Storytime with Toddlers and Babies, September 3 and 5

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This has been a tough week for me physically. I’m on a new medicine that’s making me sleepy, so I’ve been on the verge of conking out at my desk, during storytime, over my food, in front of my computer… strangely enough, the only time I got a second wind over the past few days was IN BED (preparing to watch my new Netflix obsession). So it’s been tough to keep my brain alert, and that’s been affecting me at the library.

I realize a lot with my toddler and preschool storytimes (not so much my baby and ones) that the line between the two is really thin. What will work for one won’t necessarily work for the other. 

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(Sorry, the picture is a little blurry.)

As much as I love books by Doreen Cronin, much of Stretch worked, but it would have worked even better with the preschoolers. The toddlers just weren’t there yet. 

Today’s baby time was filled with tried-and-true books, and boy, are they fun. So much fun. And it was a big group, too – over 30. 

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All winners. I even had a little boy – maybe 2 or 3? – who told me he was too old and didn’t want to be there, especially after I gave him a baby doll to rock/hold/bounce for our baby bounces, and guess who had the most fun? Of course. I love my baby time. I wish I could do it every week.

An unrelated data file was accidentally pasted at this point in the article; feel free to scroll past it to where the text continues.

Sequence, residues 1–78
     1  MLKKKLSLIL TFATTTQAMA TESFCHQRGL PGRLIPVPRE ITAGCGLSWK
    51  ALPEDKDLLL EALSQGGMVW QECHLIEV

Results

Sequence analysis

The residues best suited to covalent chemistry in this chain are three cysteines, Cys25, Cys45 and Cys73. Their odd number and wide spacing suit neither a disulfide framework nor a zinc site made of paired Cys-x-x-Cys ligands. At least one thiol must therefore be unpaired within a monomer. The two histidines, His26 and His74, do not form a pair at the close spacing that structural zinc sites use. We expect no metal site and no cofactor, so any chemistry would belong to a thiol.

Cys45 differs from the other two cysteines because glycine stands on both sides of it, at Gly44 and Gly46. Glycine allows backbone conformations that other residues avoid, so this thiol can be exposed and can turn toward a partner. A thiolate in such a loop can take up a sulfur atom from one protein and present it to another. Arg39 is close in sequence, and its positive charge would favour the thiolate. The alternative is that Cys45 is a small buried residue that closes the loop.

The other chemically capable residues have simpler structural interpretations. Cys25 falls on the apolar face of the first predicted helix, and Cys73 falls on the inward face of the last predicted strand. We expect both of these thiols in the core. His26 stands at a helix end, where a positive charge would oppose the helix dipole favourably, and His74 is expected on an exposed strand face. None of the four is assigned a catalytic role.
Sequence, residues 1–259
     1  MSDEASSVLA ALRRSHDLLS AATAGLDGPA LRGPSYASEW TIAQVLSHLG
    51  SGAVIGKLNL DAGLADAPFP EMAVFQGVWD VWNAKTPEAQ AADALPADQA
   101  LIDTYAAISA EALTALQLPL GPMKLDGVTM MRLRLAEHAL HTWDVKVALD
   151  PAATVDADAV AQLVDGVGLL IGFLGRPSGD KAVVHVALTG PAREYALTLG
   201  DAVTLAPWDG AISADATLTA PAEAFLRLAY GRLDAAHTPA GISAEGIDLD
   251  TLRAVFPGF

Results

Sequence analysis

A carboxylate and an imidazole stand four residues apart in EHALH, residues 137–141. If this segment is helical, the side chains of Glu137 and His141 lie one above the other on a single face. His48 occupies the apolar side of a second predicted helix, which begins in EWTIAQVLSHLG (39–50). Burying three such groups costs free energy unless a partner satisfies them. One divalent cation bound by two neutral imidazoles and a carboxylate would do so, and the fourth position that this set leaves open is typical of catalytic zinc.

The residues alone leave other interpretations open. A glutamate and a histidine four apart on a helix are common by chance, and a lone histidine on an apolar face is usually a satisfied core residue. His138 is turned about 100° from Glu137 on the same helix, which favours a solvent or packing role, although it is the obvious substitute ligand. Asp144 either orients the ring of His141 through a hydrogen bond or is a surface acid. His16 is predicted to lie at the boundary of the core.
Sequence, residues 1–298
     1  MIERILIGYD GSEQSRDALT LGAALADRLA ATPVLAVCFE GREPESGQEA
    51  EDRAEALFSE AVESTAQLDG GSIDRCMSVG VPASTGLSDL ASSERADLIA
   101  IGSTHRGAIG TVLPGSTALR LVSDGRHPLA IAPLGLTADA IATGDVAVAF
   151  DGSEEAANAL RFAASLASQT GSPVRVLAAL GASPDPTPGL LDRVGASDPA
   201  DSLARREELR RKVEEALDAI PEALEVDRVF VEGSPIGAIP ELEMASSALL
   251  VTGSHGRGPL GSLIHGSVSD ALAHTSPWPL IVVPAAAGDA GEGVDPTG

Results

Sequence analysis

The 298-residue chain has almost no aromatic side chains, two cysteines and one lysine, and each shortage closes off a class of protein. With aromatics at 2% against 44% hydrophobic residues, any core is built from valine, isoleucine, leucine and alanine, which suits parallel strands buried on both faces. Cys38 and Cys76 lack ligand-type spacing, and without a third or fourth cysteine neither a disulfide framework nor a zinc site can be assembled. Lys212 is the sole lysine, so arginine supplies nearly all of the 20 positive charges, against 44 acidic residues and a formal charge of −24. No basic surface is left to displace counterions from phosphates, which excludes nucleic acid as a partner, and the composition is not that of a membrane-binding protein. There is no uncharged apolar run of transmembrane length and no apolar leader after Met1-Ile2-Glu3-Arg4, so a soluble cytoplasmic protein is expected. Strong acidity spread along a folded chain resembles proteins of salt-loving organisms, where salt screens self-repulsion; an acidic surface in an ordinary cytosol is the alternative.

A funny story – I was chatting with one of my book club friends earlier this week, a music teacher, who teaches group music classes. It was funny how so many of the problems of my storytimes and her music classes mirrored each other: late arrivals, parents who won’t put down their iPhones or stop having side conversations, or bringing kids who are patently out of the advertised age group. It’s so nice to be able to moan about the issues I have and know that people outside the library system understand.

Oh, and an addendum to my last post, by the way.

I was walking down the hall today and saw one of our fourth-floorers (it’s easier to type “administrator,” but they are our fourth-floorers, which is how I refer to them,) and saw her signing briefly with a deaf patron. I didn’t know she could sign, and remarked that to her. She laughed, and said she really didn’t know how, but like “library Spanish,” she also knew “library signing” – a few basic words like “help,” “bathroom,” “where,” and other terms to assist the patrons. We could all use a basic course in library signing AND Spanish!

Just a few links today:

It hurts!!

Book masking tape, particularly.

More awesome gifts – and Sister A has #10.

A neat piece on mother-daughter book clubs.

From Mama Bear:

Good Omens is becoming a radio play (like everything else Neil Gaiman does)

From Sister A: A really cool read about children’s lit.

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